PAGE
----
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Pension earmarking & attachment orders

What is a pension earmarking order?

Pension earmarking refers to an attachment order made by the court which requires a proportion of the pension benefits to be paid directly to an ex‑spouse/former civil partner, instead of to the member. This method was introduced under the Pensions Act annulment and judicial separation. It is in effect a form of deferred maintenance. The benefits continue to be held in the original member’s plan until the member starts drawing an income (and/or when they die), when the benefits will be paid to the respective parties in the proportions required by the earmarking order.

Earmarking orders in England, Wales and Northern Ireland may be made against a member’s:

  • Pension commencement lump sum
  • Pension income
  • Death-in-service lump sum death benefits

In Scotland, only the tax-free cash lump sum and lump sum death benefits can be earmarked rather than pension income.

The amount is specified at the time of the divorce but either party can apply to the court to have the amount varied. In practice, an agreement in principle is likely to be made between the parties before being ratified by the courts. Earmarking cannot take place without the courts’ involvement.

How does earmarking work?

As an example:

An attachment order could be added to a member’s pension stipulating that when they retire and draw income from the pension, 50% of the income they receive must be paid to their ex‑spouse/former civil partner.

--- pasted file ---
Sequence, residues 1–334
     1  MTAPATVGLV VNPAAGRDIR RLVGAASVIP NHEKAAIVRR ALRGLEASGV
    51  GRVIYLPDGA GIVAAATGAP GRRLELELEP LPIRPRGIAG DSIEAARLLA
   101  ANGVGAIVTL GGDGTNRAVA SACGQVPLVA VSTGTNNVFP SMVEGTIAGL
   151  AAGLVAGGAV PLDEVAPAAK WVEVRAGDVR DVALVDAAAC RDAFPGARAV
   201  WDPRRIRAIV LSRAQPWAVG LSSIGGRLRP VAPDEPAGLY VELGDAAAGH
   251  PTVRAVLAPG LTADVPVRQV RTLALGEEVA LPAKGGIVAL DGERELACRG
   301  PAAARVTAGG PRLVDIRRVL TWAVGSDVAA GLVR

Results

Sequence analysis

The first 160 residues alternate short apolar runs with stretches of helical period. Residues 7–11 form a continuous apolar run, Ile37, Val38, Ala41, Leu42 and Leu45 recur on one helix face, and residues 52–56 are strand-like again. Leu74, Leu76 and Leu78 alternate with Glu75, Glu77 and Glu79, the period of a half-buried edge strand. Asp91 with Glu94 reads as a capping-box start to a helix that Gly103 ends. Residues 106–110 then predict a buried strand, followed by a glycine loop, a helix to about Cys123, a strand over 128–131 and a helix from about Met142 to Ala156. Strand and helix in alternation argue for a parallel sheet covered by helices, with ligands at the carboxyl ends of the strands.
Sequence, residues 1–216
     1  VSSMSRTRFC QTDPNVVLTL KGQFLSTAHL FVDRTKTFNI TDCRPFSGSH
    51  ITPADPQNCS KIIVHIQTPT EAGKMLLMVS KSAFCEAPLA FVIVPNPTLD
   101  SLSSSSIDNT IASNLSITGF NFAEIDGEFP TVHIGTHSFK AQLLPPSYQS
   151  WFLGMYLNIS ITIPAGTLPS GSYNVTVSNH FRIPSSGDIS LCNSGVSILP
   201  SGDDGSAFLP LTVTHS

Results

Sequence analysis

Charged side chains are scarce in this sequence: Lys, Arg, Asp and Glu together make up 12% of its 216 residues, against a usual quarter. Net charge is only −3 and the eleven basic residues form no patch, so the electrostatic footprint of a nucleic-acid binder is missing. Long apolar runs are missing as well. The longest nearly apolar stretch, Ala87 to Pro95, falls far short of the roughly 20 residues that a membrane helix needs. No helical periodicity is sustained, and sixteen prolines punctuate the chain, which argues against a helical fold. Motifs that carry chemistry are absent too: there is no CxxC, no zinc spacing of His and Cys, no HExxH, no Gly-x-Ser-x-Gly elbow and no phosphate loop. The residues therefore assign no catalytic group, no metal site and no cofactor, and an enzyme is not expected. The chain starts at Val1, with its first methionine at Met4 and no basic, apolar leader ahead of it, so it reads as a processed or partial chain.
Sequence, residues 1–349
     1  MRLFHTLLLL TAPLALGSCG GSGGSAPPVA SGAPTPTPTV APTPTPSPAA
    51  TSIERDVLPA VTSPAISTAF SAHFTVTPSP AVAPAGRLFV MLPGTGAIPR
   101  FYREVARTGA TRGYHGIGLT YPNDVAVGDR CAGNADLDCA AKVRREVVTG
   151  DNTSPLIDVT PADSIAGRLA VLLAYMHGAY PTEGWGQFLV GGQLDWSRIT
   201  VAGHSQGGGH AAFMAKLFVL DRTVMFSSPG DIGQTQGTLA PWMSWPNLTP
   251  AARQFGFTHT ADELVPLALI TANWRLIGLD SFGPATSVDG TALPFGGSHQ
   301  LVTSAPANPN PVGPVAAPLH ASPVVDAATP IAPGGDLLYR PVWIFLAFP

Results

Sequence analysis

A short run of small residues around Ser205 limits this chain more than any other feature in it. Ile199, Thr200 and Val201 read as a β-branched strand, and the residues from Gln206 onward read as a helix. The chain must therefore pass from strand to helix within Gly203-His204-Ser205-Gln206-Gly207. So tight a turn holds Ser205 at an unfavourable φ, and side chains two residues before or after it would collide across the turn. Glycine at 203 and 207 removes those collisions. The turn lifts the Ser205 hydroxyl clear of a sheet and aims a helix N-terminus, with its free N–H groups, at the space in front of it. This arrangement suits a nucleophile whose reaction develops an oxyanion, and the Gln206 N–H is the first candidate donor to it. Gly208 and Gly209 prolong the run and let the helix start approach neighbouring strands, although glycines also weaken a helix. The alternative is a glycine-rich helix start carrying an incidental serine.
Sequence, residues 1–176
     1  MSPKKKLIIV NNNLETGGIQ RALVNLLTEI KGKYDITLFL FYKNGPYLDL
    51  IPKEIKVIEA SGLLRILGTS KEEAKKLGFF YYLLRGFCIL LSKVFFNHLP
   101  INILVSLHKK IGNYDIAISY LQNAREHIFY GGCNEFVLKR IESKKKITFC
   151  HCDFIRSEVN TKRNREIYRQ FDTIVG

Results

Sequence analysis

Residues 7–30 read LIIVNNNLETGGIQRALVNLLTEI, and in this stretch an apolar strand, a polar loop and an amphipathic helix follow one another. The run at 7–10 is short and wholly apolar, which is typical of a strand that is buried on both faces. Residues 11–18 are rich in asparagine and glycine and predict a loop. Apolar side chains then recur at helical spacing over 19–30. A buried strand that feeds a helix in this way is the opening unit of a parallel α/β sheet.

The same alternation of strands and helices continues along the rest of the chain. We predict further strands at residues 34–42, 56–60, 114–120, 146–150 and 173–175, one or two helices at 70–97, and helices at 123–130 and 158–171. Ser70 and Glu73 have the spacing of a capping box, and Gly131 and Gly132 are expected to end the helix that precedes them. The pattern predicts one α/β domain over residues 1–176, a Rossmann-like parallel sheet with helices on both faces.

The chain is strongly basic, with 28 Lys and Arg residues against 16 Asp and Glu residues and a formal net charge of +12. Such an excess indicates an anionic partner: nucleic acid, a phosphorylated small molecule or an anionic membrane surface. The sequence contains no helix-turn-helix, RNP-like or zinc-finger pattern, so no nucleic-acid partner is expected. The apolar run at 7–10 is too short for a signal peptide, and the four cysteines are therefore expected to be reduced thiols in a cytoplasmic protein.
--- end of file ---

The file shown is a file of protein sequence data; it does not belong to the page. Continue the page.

Where an earmarking order includes lump sum death benefits, the order can compel the inclusion of the ex‑spouse/former civil partner as a beneficiary, thereby overriding the normal discretion that administrators/trustees have over the selection of beneficiaries who receive death benefits. This power does not extend to the redirection of dependant’s pensions on the member’s death.

State Pension benefits, including State Second Pension (S2P), cannot be made the subject of earmarking orders. While a divorced person can claim the contribution record of the ex‑partner for the basic State Pension, it is not possible to do the same for any state earnings related pension scheme (SERPS)/(S2P) benefits. This will also not be possible for the new single-tier State Pension, although pension sharing will be available if there is a protected payment.

If the member subsequently transfers any of their pension benefits that have been subject to an earmarking order, the scheme trustees would have to inform the new trustees/providers of the earmarking order. They must also notify the ex‑spouse/former civil partner within 21 days of the transfer.

When the member dies after commencing benefits, the pension to the ex‑spouse/former civil partner will also cease. There are normally no subsequent widow’s benefits either, though this could be included in the earmarking order, particularly if the ex‑spouse/former civil partner was clearly financially dependent on the member pre-divorce.

The court could decide, as in the case of T v T1, to defer deciding on an earmarking order until nearer the member’s actual retirement date.

Benefits of pension earmarking
  • It allows for both the tax-free cash benefit and the pension income benefit to be earmarked
  • Death-in-service benefits can also be earmarked
  • An earmarking order may be used in cases of judicial separation, not just on divorce
  • If the member transfers pension rights, the earmarking order will follow the member’s rights to the new arrangement
  • The ex‑spouse/former civil partner is not reliant on their ex-partner to arrange payment but rather on an independent third party